A First Class Essay
this shows what a first class essay looks like
This first class essay is piece of work was produced on a third-year undergraduate course which considers Modern Literature and Literary Theory. Students are required to examine texts from different genres in the light of critical theory. In this case it is theories about the relationship between literature and history. As in many questions set at this level, the student is being asked to respond to a quotation from citical commentary on the topic. The essay is in full copyright of its author, to whom thanks for permission to reproduce it here are due.
‘The poetic act both anticipates the future and speeds its coming’ (Czeslaw Milosz, ‘On Hope’ The Witness of Poetry, Cambridge, Mass: Harvard University Press, 1983).
In what ways could texts which deal with the past be said to be anticipating a future? Discuss with reference to at least one poetry text, and one text from a different genre.
Every literary text is both written and received in a particular historical context. In this sense all literary texts are historical. However some texts deliberately foreground history by explicitly engaging with a given period, or by referring to specific historical events. Anna Akhmatova and J.G. Ballard are writers who have consciously chosen to address the past, and yet, in doing so, have also prefigured the future.
In ‘Requiem’ (1) Akhmatova expresses her need to preserve the memories of the horror of life during the Stalinist reign of terror, as a way of issuing a warning about the future. She herself lived through the events depicted, and the poem represents her personal testimony, ‘I stand as witness to the common lot, / survivor of that time, that place.’ (p.54) Akhmatova also makes clear the fact that she faced opposition from those in authority, who attempted, through censorship, to prevent such remembrance. However her determination to commemorate the suffering that she and others like her endured, is explicit in the Epilogue:
I want to name the names of all that host,
but they snatched up the list, and now it’s lost.
I’ve woven them a garment that’s prepared
out of poor words, those that I overheard,
and will hold fast to every word and glance
all of my days, (p.61).
Her feelings are shared by many writers who have witnessed or experienced traumatic circumstances and feel that drawing attention to them is a way of trying to prevent their reoccurrence. Dennis Walder, in a paraphrase of the writing of Gunter Grass, explains it as ‘an urgency to recall a specific past in order to say something to the present – and to the future’.(2)
‘Requiem’ is a group of poems written over a period of years in which Akhmatova highlights various periods in her life and in the life of her country. She compares her situation to that of ‘the wives of Peter’s troopers’ whose soldier husbands were executed in 1698. One effect of referring to a comparable event over two hundred years earlier, is to demonstrate that the ‘Yezhov terror’ is far from being Russia’s first experience of tyranny. The implication is that it may not be the last. As Joseph Brodsky states, ‘She sensed that history, like its objects has very limited options’.(3) Hence the sense of desperation in her wish to communicate the horror of an event which, in the words of Primo Levi, ‘happened, therefore it can happen again’.(4)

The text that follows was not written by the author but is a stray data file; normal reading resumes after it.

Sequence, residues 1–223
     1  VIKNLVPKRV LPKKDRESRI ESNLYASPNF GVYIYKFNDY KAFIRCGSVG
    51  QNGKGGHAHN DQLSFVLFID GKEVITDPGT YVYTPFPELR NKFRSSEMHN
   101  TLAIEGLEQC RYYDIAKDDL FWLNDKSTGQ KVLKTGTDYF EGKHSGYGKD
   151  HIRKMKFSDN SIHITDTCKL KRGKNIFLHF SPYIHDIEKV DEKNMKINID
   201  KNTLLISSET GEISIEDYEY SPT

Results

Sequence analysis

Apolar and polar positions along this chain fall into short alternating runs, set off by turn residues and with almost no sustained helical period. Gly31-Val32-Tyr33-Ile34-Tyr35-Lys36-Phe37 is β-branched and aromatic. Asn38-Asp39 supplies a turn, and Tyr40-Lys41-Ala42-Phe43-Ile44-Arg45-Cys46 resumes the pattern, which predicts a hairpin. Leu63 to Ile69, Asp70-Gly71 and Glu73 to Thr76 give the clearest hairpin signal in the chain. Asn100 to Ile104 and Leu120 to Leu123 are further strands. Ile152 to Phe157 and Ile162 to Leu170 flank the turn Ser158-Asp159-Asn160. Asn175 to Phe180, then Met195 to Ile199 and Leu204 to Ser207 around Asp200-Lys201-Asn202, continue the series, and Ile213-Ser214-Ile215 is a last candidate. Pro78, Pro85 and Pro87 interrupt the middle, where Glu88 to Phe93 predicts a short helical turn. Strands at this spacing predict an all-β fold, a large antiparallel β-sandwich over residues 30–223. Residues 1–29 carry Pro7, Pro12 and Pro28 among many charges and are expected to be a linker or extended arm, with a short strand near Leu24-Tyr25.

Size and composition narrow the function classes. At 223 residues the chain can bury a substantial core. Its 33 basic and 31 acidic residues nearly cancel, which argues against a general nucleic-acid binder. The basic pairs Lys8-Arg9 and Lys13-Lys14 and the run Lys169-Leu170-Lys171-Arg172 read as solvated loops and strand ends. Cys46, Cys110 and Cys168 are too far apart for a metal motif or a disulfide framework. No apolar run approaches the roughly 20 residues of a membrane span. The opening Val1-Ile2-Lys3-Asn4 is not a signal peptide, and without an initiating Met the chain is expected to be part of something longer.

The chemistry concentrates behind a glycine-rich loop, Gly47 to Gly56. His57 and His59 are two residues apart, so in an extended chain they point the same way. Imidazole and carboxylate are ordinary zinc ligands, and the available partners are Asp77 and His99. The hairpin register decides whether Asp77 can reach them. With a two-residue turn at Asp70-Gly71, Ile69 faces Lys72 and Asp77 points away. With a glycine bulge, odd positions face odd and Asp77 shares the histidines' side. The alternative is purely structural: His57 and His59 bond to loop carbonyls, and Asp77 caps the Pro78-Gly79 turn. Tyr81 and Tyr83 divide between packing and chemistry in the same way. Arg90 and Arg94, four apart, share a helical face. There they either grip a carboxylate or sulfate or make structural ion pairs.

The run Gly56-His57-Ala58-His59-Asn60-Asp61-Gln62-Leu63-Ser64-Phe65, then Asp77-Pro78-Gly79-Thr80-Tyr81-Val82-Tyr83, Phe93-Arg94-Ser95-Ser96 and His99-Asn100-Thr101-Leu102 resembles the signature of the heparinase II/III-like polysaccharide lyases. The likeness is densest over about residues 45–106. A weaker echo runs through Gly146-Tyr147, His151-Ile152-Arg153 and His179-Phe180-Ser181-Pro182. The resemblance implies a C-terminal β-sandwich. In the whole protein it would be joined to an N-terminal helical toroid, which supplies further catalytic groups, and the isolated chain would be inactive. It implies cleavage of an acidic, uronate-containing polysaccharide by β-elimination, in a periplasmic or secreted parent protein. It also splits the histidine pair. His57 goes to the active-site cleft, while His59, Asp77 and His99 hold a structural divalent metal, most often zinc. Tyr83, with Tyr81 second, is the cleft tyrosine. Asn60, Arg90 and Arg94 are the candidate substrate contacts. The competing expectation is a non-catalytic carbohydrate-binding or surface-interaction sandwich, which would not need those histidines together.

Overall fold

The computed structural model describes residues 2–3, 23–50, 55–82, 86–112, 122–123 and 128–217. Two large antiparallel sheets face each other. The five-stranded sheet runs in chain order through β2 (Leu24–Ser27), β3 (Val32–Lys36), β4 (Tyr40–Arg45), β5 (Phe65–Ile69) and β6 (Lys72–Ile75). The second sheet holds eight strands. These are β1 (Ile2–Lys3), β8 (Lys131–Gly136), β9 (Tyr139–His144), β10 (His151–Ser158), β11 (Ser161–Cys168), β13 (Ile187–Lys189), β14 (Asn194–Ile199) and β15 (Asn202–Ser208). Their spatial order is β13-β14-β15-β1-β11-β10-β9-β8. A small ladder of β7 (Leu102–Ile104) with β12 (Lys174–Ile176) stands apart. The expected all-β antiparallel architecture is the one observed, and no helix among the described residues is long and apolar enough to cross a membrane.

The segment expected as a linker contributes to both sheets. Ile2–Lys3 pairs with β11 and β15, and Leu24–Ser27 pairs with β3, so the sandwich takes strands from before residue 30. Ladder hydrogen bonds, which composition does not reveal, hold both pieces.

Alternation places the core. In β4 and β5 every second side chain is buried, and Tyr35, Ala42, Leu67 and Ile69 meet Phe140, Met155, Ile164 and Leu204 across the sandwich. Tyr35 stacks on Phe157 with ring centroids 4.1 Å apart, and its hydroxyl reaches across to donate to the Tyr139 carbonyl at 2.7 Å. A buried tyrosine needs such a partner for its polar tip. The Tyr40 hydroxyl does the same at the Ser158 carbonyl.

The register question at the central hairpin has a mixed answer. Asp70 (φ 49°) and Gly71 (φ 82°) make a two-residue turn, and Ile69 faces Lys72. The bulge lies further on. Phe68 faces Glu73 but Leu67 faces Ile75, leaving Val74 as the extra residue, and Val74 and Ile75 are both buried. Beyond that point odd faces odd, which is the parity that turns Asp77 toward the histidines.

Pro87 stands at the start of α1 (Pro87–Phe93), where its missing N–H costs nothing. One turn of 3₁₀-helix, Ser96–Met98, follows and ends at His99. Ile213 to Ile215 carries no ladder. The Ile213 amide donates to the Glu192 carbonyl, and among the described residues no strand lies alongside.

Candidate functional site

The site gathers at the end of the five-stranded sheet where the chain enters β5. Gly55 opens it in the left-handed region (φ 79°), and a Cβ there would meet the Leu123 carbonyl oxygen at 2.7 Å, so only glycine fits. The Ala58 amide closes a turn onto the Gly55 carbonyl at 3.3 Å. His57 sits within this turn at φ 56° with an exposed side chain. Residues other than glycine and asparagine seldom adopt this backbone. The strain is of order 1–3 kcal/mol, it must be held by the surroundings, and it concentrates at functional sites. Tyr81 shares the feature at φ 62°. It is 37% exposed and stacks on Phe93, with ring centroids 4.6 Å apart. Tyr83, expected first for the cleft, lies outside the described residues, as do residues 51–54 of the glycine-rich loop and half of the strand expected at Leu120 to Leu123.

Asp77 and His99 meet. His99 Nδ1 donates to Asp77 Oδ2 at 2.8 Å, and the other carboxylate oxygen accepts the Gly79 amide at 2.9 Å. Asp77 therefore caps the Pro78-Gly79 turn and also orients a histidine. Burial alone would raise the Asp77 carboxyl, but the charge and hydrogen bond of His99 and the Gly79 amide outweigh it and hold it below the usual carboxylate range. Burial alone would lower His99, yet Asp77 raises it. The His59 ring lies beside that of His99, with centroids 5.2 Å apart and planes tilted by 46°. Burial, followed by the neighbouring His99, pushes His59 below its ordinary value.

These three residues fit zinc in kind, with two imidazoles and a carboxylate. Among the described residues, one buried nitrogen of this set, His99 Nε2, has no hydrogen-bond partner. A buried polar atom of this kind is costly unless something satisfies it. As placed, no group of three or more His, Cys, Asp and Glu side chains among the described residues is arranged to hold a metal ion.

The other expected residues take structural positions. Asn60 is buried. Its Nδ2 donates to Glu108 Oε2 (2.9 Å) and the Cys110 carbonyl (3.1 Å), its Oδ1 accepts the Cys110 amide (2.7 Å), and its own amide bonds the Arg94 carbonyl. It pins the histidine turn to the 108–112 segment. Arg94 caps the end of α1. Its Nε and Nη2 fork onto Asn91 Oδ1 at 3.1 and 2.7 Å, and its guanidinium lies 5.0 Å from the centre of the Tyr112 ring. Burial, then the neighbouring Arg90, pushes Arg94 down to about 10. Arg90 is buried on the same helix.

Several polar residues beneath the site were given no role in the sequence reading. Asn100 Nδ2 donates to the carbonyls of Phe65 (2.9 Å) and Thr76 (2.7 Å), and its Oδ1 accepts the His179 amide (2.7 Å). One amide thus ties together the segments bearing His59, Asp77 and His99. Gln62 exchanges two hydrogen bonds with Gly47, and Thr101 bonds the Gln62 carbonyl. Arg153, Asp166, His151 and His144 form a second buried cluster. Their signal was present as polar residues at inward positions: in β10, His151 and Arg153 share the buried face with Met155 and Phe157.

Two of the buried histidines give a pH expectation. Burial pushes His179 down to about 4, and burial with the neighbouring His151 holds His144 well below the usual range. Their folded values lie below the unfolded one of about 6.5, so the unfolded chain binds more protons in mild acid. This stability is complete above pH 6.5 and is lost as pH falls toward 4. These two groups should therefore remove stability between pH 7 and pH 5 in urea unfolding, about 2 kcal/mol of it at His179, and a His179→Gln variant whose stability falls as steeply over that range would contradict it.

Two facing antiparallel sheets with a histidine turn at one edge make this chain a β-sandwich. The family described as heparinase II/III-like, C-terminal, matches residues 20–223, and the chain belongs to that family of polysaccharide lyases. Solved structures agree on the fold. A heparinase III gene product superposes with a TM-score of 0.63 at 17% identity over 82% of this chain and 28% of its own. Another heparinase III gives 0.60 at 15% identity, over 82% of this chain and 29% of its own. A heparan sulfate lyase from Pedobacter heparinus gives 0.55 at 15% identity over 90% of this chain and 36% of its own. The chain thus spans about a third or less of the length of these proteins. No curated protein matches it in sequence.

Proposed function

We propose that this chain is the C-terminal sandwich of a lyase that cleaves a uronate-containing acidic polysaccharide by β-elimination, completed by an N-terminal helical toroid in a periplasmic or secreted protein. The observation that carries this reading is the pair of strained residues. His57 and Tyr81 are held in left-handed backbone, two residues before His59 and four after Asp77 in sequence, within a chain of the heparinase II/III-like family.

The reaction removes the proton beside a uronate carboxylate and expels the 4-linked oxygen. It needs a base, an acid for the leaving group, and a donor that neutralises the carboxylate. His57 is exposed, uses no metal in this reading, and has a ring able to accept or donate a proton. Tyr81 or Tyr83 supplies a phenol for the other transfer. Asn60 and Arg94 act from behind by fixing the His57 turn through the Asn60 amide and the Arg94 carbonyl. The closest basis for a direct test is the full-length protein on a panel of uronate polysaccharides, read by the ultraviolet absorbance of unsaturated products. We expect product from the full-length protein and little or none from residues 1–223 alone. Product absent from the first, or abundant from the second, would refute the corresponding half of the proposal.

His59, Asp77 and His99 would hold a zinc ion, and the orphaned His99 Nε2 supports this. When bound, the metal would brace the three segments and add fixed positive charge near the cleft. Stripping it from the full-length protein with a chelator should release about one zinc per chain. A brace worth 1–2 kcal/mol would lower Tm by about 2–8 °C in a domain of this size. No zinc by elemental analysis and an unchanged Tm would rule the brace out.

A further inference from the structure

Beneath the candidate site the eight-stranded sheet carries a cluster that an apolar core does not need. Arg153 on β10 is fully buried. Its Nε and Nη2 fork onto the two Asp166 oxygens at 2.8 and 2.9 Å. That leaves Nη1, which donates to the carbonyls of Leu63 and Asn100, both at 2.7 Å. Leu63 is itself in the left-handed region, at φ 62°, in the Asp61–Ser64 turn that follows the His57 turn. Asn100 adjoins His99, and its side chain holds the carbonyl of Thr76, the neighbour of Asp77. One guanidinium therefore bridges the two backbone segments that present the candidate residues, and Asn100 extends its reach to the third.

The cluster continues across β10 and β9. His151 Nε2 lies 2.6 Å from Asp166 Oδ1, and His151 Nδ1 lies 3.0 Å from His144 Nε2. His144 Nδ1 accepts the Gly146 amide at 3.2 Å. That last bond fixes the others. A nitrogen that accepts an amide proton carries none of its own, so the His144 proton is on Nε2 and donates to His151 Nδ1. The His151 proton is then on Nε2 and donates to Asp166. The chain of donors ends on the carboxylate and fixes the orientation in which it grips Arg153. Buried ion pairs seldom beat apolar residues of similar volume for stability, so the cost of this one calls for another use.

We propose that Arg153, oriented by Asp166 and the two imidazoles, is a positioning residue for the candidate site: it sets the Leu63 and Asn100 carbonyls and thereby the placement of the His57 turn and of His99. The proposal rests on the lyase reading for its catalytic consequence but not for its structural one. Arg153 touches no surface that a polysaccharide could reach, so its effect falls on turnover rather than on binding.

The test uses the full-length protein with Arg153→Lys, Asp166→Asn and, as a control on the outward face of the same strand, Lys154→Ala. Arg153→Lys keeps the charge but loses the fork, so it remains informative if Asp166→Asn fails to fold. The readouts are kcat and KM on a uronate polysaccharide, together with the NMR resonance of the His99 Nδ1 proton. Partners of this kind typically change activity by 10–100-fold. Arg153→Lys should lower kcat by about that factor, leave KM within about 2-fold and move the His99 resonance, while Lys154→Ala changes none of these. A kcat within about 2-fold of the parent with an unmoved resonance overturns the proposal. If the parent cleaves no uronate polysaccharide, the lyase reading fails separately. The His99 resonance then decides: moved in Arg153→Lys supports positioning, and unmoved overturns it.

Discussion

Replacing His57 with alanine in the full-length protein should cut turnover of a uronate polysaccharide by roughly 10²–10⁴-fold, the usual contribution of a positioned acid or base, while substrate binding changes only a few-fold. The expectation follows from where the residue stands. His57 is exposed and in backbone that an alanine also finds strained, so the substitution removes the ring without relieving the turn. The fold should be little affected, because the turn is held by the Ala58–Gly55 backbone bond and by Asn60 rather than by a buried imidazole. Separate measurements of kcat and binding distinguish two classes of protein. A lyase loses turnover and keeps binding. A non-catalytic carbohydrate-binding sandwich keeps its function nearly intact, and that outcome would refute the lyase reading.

As a poet, rather than a historian, Akhmatova is perhaps better able to express the suffering and emotions of her people, albeit subjectively. By concentrating on grief and affliction rather than clinical facts, she increases the memorability of her subject matter. As Joseph Brodsky states, ‘At certain periods in history it is only poetry that is capable of dealing with reality by condensing it into something graspable, something that otherwise couldn’t be retained by the mind’.(5) The poem’s imagery conveys the way in which suffering produces feelings of numbness. Its ability to ‘turn heart into a stone'(p.58), seems to be necessary for people to survive. The same imagery is used to portray the dehumanizing effect of oppression, with people metaphorically depicted as stone: ‘how suffering inscribes on cheeks / the hard lines of its cuneiform texts,'(p. 60). This theme continues in the epilogue when, in a proleptic reference, Akhmatova anticipates her own symbolical reification. She envisions a statue erected in her memory, ‘I should be proud to have my memory graced / but only if the monument be placed / …here, where I endured three hundred hours'(p.61). This prefiguration is also an anticipation of a possible end to the anguish, as symbolized by the image of ‘melting snow’.(p.61)
Despite the fact that the poem consists of a number of small segments, likened to the musical form of a requiem, the religious imagery forms a continuum. It also serves to set the poem in a wider context, and is another example of the way in which Akhmatova anticipates a better future. The section of the poem entitled ‘Crucifixion’, is particularly rich in religious imagery and contains a near quotation from the Russian Orthodox Easter service, ‘Do not weep for me, Mother, / When I am in my grave’ (p.59). Akhmatova’s direct comparison of her situation with the crucifixion and Easter, indirectly implies an anticipation of the resurrection, and thus expresses a glimmer of hope for the future. This is taken a step further with an apocalyptic prophesy ‘A choir of angels glorified the hour, / the vault of heaven was dissolved in fire.’ (p.59). As book of Revelation suggests that following the Apocalypse there will be no more suffering or death, the allusions to it are again a way of tentatively intimating a sense of optimism about the future. The poem ends with a reference to ‘a prison dove’, an image which fuses the Christian symbol of peace and freedom with persecution and imprisonment. This exemplifies the way in which, throughout the poem, Akhmatova balances the wish to commemorate horror, with a simultaneous attempt to anticipate peace.